Cullen barely glanced at the chess board, a sweet smile of reminiscing on his scarred lips as he moved a piece and met the king’s gaze again “But I do have one question. Why did you tell me this as if you were confessing some terrible secret?”

Alistair shrugged sheepishly. “I don’t know, I guess it’s stupid, I… I don’t really know how to say this, so I guess I’ll just muddle through awkwardly like always.” He ran a careless hand through his hair and began. “You aren’t just my oldest friend, Cullen; you’re one of the few true friends I have, and probably the only person alive besides Anora that I can be myself with. You’ve literally saved my life. And despite everything you’ve been through, you somehow remained the good, strong, honorable man you’ve always been, even if you sometimes forgot it yourself. I just…didn’t want you to think ill of me. To think my promise to love Neria forever, or my word in general, was meaningless.” The king studied the ground uncomfortably. “I didn’t want you to think I’d become some useless noble who traded out women on a whim and valued nothing.”

Cullen’s amber eyes were serious. “Alistair. I would never think that of you, never. If you have a flaw at all in that regard, it’s that you’ve always cared too deeply, been too willing to help others despite any risk to yourself. I was…not a good person in Kirkwall, not by a long shot. And I could’ve grown numb to it…but you, you kept writing me, and you cared so much, you were so certain that I was a man of honor, a protector of the weak, a…a Champion of the Just, even. I hated the thought of having to tell you it wasn’t true. So the only choice was to start climbing out of the abyss and become that person again.”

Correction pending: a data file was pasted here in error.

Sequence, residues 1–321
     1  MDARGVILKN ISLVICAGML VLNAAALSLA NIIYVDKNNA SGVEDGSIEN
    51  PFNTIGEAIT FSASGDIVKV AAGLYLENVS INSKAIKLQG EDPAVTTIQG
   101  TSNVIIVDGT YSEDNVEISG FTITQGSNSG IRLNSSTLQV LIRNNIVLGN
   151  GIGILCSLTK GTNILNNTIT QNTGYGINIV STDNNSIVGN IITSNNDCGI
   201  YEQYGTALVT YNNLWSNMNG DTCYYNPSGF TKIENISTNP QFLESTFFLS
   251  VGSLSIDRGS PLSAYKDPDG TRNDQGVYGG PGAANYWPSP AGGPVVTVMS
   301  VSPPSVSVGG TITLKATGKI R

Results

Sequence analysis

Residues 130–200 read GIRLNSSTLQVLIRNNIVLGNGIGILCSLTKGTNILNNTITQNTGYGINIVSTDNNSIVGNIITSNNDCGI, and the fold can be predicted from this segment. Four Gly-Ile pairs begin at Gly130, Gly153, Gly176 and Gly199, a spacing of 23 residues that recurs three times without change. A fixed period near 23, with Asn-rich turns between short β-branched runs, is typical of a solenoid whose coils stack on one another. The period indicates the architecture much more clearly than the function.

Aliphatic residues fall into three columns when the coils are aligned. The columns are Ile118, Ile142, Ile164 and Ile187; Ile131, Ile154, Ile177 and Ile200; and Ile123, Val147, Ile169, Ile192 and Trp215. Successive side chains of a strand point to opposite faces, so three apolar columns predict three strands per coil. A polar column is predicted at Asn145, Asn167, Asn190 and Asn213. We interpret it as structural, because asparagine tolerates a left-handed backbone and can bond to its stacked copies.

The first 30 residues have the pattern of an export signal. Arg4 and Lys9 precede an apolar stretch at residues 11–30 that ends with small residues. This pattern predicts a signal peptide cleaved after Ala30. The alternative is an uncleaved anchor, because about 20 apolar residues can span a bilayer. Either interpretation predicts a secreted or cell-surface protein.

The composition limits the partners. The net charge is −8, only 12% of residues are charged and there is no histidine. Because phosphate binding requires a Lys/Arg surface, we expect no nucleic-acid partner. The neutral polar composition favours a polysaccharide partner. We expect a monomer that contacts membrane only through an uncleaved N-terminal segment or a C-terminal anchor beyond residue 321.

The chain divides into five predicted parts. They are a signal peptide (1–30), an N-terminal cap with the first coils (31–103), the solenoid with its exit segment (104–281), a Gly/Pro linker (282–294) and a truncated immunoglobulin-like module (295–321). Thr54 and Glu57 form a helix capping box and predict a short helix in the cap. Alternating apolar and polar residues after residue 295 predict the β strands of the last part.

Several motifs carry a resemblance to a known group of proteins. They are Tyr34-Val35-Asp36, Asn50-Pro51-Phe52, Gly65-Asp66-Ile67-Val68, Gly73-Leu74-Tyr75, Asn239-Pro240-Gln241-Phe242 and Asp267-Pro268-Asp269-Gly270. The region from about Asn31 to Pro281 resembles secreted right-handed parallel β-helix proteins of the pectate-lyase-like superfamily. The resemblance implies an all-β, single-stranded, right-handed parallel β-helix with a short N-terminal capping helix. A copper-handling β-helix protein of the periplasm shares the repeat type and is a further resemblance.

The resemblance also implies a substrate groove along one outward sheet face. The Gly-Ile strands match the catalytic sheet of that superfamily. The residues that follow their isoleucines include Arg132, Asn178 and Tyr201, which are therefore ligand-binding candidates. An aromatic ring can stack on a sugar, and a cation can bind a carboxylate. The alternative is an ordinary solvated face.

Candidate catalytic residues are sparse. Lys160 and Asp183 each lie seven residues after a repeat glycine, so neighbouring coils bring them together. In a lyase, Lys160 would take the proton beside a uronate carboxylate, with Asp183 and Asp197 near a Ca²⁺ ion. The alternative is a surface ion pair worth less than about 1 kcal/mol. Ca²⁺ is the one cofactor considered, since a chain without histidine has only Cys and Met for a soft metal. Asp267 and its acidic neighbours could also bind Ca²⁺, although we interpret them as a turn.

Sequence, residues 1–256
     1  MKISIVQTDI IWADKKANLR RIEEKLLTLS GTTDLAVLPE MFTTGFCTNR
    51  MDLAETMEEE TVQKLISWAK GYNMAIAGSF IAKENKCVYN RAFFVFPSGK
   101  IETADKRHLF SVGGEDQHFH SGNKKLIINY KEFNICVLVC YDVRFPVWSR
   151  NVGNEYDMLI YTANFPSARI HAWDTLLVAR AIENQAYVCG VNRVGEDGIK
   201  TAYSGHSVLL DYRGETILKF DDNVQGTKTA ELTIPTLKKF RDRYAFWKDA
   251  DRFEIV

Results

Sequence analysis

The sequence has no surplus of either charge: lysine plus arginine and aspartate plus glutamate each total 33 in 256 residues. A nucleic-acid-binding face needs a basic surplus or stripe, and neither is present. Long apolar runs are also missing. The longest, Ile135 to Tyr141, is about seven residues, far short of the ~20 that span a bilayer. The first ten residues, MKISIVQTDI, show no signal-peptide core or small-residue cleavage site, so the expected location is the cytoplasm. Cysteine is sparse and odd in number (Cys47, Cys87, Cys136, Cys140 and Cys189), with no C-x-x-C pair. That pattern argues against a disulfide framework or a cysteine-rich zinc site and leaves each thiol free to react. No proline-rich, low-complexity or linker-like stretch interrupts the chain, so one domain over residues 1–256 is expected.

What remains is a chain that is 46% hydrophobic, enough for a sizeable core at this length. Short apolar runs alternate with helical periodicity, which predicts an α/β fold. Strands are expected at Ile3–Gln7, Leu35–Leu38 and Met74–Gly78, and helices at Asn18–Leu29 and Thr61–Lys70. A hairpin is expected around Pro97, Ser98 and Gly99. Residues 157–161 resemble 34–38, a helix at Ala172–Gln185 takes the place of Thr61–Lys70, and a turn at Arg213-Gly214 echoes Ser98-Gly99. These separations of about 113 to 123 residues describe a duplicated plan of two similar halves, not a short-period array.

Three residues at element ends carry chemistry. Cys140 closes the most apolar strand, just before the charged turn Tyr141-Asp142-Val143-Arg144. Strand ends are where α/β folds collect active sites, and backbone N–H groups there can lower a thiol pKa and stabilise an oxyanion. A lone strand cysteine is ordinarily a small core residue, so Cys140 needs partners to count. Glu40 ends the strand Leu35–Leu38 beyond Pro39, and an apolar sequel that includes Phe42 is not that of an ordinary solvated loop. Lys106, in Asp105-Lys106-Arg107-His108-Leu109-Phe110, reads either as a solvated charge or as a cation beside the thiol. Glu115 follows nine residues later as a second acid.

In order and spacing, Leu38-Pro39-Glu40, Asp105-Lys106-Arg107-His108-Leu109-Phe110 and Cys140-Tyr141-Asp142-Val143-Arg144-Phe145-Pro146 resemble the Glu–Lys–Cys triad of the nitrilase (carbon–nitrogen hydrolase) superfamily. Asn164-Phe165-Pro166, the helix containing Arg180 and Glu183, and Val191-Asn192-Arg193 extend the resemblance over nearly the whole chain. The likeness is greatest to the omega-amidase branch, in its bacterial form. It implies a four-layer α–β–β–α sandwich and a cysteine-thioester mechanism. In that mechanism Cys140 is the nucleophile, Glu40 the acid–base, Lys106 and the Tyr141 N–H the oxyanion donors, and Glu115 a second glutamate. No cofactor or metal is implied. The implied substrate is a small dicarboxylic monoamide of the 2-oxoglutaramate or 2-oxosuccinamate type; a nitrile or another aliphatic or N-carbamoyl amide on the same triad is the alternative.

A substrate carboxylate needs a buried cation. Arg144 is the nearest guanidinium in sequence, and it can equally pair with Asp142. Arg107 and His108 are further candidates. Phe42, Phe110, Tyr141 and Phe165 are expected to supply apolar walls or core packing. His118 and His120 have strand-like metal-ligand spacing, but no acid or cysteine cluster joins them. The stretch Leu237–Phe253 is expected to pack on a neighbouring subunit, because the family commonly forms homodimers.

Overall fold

“I barely knew Neria Surana, but she never struck me as a person who’d take joy in the misery of others. I think, and I suspect she would agree, that it’s fantastic you’ve found happiness at last.”

The two old friends shared a smile that stretched decades into the past, from the first time a grinning copper-haired boy had interrupted the studies of a serious golden-haired lad, by elbowing him and saying “Watch this!” before slipping a live frog into a Revered Mother’s sleeve.

“Oh, and your majesty, there is one other thing,” Cullen said, with false solemnity.

“What’s that?”

“Check.”

A sudden grin lit Alistair’s face. “I see. Well, there is one good thing about being royalty, Cullen.”

“Oh? And what is that?” the Commander smirked.

“You can’t win a game of chess until you can capture the king!” Alistair snatched the piece off the board and took off at a run, his friend’s helpless laughter erupting behind him.